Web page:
- Recent brief commentary of Lucyt’s included in an MEI compilation of expert opinions, responding to question prompt on the Biden administration’s policy on the I-P conflict: https://www.mei.edu/publications/debate-biden-administrations-approach-israelpalestine /cross posted on USIP: https://www.usip.org/publications/2021/06/bidens-implicit-warning-israelis-and-palestinians
- Broad overview blog piece by a USIP colleague, Robert Barron, of what sparked the May round of violence: https://www.usip.org/publications/2021/05/what-sparked-latest-israeli-palestinian-confrontations
- Series of short-form analyses by our USIP Senior Fellow (and former Egyptian and Arab League Diplomat) Amb. Hesham Youssef on:
- Potential role of “new normalizers” for addressing the conflict: https://www.usip.org/publications/2021/06/can-new-normalizers-advance-israeli-palestinian-peace
- Biden’s approach to the I-P conflict to date – a comparative view relative to past approaches: https://www.usip.org/publications/2021/06/10-things-know-bidens-approach-israeli-palestinian-conflict
- Analyzing the I-P conflict in the context of changing regional and global realities: https://www.usip.org/publications/2021/05/israeli-palestinian-conflict-amid-new-reality-and-new-region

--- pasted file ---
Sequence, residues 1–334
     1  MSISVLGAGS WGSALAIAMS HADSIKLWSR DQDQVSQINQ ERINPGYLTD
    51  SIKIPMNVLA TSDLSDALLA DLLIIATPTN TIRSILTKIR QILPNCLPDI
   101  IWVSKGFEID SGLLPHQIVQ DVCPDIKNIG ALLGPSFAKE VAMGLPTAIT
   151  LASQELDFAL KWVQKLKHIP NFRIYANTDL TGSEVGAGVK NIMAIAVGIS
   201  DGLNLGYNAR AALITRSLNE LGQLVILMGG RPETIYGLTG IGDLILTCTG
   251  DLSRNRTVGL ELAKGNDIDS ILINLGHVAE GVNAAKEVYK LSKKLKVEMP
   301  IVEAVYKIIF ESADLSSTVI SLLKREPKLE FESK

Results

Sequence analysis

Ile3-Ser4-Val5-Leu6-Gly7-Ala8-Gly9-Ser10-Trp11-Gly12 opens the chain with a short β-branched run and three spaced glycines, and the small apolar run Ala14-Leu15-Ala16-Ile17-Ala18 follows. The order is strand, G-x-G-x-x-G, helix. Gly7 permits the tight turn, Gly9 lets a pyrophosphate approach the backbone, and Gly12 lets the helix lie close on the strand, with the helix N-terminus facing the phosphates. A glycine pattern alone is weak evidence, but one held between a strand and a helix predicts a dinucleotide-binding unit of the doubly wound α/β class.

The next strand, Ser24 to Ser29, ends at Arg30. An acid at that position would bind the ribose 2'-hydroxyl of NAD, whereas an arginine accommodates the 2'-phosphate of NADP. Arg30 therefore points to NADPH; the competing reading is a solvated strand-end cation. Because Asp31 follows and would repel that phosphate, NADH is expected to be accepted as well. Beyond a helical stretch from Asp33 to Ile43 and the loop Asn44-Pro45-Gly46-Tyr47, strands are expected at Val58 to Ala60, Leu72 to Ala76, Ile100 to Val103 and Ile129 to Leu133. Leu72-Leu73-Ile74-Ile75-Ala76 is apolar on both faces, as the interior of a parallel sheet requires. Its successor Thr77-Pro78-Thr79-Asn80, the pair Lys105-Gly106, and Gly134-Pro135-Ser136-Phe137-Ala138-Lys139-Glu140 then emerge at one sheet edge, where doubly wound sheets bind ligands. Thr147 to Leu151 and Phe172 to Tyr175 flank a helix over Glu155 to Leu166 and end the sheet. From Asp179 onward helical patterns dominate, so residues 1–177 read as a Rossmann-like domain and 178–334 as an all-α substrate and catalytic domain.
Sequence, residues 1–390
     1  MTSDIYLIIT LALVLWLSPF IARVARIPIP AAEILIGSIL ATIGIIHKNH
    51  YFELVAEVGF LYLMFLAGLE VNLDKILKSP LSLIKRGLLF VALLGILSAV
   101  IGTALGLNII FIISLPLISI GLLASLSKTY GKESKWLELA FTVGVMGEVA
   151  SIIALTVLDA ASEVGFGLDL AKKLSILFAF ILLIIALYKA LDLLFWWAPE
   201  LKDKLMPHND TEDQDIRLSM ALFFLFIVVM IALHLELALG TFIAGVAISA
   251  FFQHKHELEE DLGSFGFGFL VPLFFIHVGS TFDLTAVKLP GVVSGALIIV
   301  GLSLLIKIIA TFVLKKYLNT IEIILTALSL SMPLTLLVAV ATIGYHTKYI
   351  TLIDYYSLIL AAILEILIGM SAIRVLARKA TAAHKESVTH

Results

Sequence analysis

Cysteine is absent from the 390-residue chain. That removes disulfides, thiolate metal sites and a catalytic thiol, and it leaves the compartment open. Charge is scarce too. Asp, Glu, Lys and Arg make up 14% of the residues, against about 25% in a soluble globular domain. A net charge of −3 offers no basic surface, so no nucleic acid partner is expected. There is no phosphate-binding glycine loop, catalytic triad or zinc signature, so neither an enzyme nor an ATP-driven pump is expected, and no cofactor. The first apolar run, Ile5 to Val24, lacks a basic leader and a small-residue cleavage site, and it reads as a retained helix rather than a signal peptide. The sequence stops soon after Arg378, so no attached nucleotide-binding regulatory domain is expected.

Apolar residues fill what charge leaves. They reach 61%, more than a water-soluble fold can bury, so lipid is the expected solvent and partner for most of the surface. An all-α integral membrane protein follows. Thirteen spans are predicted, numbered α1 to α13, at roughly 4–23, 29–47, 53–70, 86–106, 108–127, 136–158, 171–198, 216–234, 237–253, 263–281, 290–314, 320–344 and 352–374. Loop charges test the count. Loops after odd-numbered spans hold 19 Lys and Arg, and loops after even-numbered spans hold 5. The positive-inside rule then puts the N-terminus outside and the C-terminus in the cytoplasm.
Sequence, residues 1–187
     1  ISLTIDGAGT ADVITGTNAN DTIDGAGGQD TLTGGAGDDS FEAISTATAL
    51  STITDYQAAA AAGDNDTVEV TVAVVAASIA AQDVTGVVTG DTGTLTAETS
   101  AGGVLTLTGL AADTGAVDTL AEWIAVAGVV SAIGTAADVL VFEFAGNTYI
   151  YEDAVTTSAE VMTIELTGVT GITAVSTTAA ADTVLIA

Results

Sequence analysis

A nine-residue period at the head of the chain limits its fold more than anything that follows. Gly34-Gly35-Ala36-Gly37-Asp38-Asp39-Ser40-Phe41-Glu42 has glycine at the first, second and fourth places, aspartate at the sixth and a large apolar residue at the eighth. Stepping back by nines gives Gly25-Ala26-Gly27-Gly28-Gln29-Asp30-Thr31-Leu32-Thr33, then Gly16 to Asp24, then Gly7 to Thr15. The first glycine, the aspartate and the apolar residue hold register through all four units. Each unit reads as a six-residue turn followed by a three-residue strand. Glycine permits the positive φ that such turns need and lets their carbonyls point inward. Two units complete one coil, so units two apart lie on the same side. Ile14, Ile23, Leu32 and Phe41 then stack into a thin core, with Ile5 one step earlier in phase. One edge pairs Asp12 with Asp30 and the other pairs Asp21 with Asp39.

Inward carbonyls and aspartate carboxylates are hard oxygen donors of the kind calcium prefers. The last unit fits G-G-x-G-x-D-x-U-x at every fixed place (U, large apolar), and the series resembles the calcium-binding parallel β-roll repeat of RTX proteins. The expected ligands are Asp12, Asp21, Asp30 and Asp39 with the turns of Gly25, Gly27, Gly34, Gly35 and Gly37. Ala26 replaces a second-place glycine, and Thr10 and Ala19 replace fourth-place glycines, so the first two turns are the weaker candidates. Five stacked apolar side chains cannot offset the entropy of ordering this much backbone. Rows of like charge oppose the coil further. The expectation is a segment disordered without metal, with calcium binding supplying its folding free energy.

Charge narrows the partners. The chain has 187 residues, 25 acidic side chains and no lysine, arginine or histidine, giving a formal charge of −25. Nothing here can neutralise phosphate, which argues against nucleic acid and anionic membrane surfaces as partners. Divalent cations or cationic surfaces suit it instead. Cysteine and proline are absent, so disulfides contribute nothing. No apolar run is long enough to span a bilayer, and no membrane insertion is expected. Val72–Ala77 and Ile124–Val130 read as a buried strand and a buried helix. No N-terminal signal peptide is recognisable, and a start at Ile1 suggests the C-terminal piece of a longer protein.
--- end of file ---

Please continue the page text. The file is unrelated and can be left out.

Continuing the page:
- Steps the US could take after Gaza war de-escalation: https://www.usip.org/publications/2021/05/10-steps-washington-can-take-after-de-escalation-war-gaza
We welcome your participation in this event and your questions to our presenter. Remember that our Zoom webinars are open to the first 100 registrants, so please register early.
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Lucy Kurtzer-Ellenbogen is the director of the Israeli-Palestinian conflict program at the U.S. Institute of Peace and frequently presents and publishes in a variety of academic, policy and media forums on policy and civil society efforts related to the conflict. She has previously worked with U.S. Department of State as an Arabic language specialist, and as the program officer for the Kennedy School of Government’s Middle East Initiative at Harvard University, where she managed work on the Israeli, Palestinian and Saudi Arabian portfolios.
Proficient in Hebrew and Arabic, Kurtzer-Ellenbogen’s graduate research focused on political and social identity in Arabic discourse, with an emphasis on the Arabic language press of the Arab citizen community in Israel. She holds a bachelor’s degree in Arabic and French from Georgetown University, and a master’s degree from Georgetown’s Arabic department with a dual concentration in linguistics and Arab area studies.